Free Craft Project

Clay Coil Pots

This type of coil clay pot is a classic craft project and very easy to make. Plus, it's a great opportunity to get the kids involved. It's fun, it's safe, and it will keep them entertained!.


  • kneaded clay
  • butter knife
  • string
  • pencil
  • ruler (or other straight edge)
  • slip (watered down clay)
  • poster paints


Make several clay worms, first by rolling a fair amount of clay between your palms, and then placing it on your flat work surface and rolling back and forth slowly. You want to create worms that are approx. 1/4" to 1/2" in diameter and 10" long.


Take one worm and make circle (Figure 1), using slip to secure the ends to one another. Take another worm and tightly coil it inside the circle (Figure 2). If you need more clay to complete the entire coil, use part of another worm and simply attach the ends with slip, cutting off the excess.

clay coil pots figure 1-2

clay coil pots figure 3 Using a ruler (or similar straight edge), gently scrape across the combined coil and circle to flatten the surface (Figure 3). Finish smoothing out the surface with your fingertips, dipping them in water if necessary.


Apply slip to the top outer edge of the round bottom piece you just made.
clay coil pots figure 4
Place a worm atop this outer edge (Figure 4), pressing it firmly against the bottom and then scraping the clay downward with your fingertips to seal the gap between the bottom and this first coil. When you reach the starting end of the worm, allow the coil to overlap and continue on around. This begins to form the "wall" of the pot. Scrape (work) the clay downward to seal the gap between the bottom and the first coil.
clay coil pots figure 5
Continue placing worms one on top of another, building the wall upward (Figure 5). Remember to press firmly as you go. With each new row, work the clay downward to blend one coil into the previous row. Keep adding worms until you reach the height you want.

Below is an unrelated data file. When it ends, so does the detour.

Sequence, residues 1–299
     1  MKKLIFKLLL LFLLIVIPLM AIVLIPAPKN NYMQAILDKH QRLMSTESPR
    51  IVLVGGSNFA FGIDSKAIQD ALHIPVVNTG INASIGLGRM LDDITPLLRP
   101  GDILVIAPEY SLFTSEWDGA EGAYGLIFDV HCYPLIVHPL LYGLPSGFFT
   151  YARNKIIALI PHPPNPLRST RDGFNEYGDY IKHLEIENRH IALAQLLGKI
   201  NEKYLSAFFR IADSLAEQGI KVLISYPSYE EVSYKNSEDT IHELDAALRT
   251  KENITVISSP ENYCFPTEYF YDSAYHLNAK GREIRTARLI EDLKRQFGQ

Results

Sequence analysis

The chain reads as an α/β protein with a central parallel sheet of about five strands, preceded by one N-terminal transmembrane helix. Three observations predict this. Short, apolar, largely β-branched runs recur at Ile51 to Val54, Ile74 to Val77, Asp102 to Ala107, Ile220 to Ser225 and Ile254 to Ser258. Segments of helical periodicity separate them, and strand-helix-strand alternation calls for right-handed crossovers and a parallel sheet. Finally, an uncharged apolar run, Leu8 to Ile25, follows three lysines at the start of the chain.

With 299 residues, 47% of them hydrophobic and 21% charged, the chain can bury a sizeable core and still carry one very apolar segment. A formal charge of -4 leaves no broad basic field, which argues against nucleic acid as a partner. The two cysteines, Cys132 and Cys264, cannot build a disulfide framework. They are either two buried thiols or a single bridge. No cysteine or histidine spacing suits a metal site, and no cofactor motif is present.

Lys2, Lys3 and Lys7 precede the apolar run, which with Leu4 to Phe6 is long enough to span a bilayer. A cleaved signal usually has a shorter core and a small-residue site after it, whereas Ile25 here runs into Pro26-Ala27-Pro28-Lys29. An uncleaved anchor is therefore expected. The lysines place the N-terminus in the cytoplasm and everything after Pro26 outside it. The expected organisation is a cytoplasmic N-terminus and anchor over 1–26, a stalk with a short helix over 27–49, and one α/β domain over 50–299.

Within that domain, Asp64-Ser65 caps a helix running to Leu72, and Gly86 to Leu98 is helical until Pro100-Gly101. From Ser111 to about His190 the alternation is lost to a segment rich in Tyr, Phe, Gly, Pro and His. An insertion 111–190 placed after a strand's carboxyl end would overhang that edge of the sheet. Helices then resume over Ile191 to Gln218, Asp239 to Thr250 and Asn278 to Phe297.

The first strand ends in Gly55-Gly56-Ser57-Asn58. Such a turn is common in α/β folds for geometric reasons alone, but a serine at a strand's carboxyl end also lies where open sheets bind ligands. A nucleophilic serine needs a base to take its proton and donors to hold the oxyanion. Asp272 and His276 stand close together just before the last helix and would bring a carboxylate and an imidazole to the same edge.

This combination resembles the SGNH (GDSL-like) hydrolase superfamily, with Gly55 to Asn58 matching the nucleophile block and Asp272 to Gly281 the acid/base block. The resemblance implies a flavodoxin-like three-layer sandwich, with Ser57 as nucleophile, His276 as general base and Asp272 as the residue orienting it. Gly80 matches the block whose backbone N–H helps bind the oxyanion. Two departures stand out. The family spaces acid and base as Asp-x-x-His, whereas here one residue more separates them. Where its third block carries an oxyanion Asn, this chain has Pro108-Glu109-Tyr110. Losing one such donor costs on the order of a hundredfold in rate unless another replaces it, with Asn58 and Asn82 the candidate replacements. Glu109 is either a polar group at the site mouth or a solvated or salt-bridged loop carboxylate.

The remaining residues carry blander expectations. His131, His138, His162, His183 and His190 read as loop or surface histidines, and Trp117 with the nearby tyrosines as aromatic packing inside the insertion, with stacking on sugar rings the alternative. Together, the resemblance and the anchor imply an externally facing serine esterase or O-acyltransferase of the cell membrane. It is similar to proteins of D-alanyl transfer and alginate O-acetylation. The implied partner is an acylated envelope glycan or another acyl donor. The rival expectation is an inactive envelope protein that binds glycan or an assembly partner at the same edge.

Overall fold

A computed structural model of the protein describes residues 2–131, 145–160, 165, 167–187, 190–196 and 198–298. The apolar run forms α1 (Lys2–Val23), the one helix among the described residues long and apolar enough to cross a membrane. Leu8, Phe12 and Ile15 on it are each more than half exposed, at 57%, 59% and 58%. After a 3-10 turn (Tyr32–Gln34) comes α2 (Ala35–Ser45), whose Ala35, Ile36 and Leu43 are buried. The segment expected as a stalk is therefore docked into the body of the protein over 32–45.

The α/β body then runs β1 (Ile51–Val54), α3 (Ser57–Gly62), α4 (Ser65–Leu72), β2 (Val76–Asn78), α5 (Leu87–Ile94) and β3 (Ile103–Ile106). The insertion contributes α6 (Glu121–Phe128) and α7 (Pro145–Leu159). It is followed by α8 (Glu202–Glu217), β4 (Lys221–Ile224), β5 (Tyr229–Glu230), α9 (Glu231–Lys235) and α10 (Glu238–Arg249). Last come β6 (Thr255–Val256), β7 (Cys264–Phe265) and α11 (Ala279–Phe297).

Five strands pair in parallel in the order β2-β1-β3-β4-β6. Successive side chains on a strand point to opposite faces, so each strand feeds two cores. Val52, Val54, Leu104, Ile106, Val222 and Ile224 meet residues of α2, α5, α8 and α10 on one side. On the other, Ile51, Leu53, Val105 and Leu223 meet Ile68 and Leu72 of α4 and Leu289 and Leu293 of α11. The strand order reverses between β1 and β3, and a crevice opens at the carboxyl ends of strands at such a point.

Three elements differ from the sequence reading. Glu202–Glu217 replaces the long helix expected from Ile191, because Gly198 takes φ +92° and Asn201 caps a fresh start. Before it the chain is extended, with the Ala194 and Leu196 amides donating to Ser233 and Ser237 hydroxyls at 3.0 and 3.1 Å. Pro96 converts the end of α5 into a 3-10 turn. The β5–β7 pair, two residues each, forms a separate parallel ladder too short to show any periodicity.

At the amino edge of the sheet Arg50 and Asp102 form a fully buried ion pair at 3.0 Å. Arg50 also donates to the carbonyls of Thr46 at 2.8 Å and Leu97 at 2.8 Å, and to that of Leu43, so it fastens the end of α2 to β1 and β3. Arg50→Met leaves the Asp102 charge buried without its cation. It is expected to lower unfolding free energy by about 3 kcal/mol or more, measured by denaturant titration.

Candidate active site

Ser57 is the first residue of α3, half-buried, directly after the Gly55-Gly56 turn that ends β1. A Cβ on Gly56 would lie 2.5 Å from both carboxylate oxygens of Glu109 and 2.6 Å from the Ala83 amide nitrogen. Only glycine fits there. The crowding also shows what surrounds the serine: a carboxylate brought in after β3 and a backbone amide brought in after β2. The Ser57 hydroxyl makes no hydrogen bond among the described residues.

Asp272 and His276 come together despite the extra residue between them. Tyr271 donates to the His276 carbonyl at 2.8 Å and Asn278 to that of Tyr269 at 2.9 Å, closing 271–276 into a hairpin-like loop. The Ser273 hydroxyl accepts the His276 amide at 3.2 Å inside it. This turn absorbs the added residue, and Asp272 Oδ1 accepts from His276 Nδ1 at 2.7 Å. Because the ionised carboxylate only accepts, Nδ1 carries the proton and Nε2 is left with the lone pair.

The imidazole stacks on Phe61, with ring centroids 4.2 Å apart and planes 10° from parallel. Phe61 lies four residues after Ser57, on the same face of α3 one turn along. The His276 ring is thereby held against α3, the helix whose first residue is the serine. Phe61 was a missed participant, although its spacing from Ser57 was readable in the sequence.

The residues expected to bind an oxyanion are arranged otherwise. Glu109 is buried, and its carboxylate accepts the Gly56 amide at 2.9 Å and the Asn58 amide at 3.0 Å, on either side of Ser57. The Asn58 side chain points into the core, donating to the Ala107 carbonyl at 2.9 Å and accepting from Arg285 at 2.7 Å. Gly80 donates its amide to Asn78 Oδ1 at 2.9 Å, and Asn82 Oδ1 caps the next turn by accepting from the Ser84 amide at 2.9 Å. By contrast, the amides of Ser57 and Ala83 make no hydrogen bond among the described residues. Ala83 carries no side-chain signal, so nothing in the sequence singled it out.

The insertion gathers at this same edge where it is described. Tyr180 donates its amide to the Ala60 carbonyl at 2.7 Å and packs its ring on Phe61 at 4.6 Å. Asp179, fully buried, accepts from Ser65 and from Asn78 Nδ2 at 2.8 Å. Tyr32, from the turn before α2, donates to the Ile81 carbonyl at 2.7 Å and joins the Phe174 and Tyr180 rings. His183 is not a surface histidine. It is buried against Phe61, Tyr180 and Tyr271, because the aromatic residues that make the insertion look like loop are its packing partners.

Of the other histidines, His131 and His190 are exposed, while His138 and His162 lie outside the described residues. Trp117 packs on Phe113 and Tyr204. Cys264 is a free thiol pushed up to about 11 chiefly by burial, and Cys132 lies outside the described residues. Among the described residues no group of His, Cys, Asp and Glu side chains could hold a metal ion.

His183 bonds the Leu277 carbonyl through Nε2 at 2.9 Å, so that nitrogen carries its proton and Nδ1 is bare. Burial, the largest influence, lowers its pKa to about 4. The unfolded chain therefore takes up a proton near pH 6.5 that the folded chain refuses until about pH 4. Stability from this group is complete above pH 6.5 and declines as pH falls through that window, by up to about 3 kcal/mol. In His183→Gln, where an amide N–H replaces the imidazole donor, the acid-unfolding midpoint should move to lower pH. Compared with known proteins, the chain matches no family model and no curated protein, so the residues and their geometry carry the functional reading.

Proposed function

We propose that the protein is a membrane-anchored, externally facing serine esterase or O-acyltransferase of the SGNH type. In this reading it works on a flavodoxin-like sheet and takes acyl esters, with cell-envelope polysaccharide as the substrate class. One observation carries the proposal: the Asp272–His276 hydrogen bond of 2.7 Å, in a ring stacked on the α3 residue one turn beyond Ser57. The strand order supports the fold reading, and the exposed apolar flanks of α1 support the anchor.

To keep the top edge fairly even, just flatten and trim down the end of the last coil.

Make sure the inside of the pot is well scraped, smoothing the surface with wet fingertips.

Note: During the scraping and smoothing, it's best to cradle the outside of pot with your other hand to prevent the walls from being pushed outward.


Take a suitable length of string and wrap the ends around each of your index fingers (like you would dental floss). To release the pot from the table, "saw" the string back and forth, pulling toward you underneath the pot. If you need to even out the top edge, turn the pot upside down and press firmly against the work surface. Then just smooth and shape it with wet fingertips.

Allow to dry completely before painting. Two coats of paint should do nicely.


If you would like to have a flower pot instead, do one of the following while the clay is still wet:

Make 3 or 4 holes in the bottom by pushing a pencil or wooden dowel through the bottom of the piece before allowing it to dry.


Make several knife slits on the bottom of the piece and then spread them open slightly. Then, add one worm circle on the bottom (so it's just inside the outer edge of the pot) to allow for proper drainage.

Note: To use this for actual planting, you will need to coat both the inside and bottom of the pot with some sort of waterproof sealer.